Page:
In recent years I’d been hard-pressed to get past dinner and breakfast in the QE I. Back in 2001, a thief attempted to steal it and tore up the fascia wiring at the ignition switch. Last year, the PCV valve diaphragm tore and sent vast clouds of oily smoke out the exhaust pipe. This year, I had only the simplest maintenance to perform, adjusting the emergency brake to make it functional. Other drivers’ tasks included changing out an oil filter and o-ring to stop prodigious leaking in a 109”, replacing a tire punctured when the owner of a Range Rover Classic turned around in a field full of sharp, hidden rocks, and swapping out a fuel pump on a Discovery.
Bruce Fowler called together a drivers meeting in which he reiterated the “No Whining” policy of the event. The admonition was worth repeating; this is, after all, the event when a “three hour tour” turned into a final departure from the woods at 3:00 am. To ease the crunch, Bruce had recruited John Cranfield [Defender 90 diesel], Ben Smith [Discovery Series I], Bill Nixxon [Series II-A 88” Pickup], Jeff Berg and Eric Riston [Series II-A 88” HT and Discovery Series II] and our own Hallie Vail [Range Rover Classic] to serve as trail leaders. Bruce took a group on his own behind his ’56 Series I 86”, registered in Maine as a “Tractor.”
A variety of trails awaited the participants. Peter Vollers led a group of extremely-modified vehicles that wanted to rock climb on icy, boulder-strewn trails. If you didn’t fear bashing body panels, this was the group for you. A second route featured boulders, brush and saplings strewn across a twenty year old clear-cut, then up a short rocky knoll that dropped you into a rock filled brook, with a steep bank to climb up afterwards.
A novice trail ran like a tree trunk through the center of the more difficult ones. It featured through the deep snow, large ruts, with small rises and dips. From it, you could watch Rovers climb up a windy path to the top of a power line trail, and then through a great open mud/ice/snow hole.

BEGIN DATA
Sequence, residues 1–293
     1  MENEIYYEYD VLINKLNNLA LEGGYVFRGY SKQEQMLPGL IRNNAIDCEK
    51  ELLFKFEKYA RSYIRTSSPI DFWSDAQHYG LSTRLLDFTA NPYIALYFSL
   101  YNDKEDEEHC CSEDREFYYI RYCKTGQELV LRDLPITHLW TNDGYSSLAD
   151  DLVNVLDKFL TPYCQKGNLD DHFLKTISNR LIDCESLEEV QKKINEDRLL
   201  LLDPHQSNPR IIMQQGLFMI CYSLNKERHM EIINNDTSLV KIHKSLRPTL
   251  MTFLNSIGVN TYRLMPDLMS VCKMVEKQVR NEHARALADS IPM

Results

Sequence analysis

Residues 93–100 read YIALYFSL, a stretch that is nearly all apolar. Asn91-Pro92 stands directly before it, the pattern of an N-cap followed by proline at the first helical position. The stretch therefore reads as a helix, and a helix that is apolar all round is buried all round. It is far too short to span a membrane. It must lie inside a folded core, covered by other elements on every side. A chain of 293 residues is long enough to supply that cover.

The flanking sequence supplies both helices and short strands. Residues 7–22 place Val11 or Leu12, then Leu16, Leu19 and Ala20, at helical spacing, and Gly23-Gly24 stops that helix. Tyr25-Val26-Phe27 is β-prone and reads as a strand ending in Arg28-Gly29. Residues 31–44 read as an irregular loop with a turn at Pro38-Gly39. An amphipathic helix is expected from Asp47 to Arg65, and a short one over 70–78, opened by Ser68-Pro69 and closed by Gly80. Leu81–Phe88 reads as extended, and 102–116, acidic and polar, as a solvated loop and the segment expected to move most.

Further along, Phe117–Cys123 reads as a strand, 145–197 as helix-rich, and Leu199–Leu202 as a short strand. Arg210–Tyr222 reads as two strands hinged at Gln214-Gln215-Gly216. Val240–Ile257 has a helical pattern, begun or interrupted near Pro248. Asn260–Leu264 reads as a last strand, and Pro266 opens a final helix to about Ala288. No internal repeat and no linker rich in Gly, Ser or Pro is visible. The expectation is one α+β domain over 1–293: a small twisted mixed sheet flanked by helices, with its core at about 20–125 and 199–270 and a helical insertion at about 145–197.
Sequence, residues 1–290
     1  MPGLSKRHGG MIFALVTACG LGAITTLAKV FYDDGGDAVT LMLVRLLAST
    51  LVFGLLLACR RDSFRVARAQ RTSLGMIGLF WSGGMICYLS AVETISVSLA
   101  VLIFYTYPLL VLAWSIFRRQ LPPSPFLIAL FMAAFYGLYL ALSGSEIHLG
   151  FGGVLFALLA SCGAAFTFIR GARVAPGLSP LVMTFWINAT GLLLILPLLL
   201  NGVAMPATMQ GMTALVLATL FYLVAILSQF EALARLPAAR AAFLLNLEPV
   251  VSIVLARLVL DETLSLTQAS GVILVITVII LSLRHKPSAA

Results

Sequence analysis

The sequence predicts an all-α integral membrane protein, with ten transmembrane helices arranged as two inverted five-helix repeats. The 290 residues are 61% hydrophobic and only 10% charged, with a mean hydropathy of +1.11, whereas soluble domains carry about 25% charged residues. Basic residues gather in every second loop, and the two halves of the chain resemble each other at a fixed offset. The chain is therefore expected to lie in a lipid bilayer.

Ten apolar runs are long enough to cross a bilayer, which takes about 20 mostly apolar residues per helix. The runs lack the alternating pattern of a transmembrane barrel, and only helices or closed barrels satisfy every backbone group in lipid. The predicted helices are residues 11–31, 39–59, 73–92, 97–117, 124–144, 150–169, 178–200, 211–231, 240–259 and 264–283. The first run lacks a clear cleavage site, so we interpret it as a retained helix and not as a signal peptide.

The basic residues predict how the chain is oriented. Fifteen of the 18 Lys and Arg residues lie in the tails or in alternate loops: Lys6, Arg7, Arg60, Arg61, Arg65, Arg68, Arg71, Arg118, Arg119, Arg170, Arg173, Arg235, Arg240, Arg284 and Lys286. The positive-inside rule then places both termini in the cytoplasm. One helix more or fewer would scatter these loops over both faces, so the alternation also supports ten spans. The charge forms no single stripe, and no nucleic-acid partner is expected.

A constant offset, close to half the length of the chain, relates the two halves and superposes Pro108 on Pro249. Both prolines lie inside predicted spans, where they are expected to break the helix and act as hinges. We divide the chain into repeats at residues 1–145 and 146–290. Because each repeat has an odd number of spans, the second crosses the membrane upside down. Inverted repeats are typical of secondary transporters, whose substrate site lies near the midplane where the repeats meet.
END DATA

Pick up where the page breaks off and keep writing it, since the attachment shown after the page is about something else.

Two additional trails proved difficult to use because of the nearly 3 feet of snow that had fallen recently. One followed the remnants of a narrow gauge rail bed; built through a swamp about 150 years ago, the remaining corduroy logs dissolved under the weight of the vehicles. It took that group until Monday to complete the trail because of the conditions.
Another trail, named the “Couch Trail’ in honor of household debris that sat near its opening, proved too challenging on Saturday, but finally it was conquered on Sunday. It was a newly-built trail and required much snow-tamping to complete.
The sight of nearly 90 vehicles heading out on the trails was quite impressive. Bright sun, lots of dry snow and a wide range of vehicles and interesting people promised to make the trail runs quite fun. Lots of drivers played with adjusting their snow chains, many clearly out for the first time. If you run chains, you can’t really air down your tires. I settled for reducing my tires to 15 lbs, securing a tow strap and readying the high lift and the kinetic rope. Most of the cars were kitted out with larger tires, skid plates, diff guards, and some winches, but many were surprisingly stock. If you were not running good snow tires, you were going to have problems no matter what equipment you carried.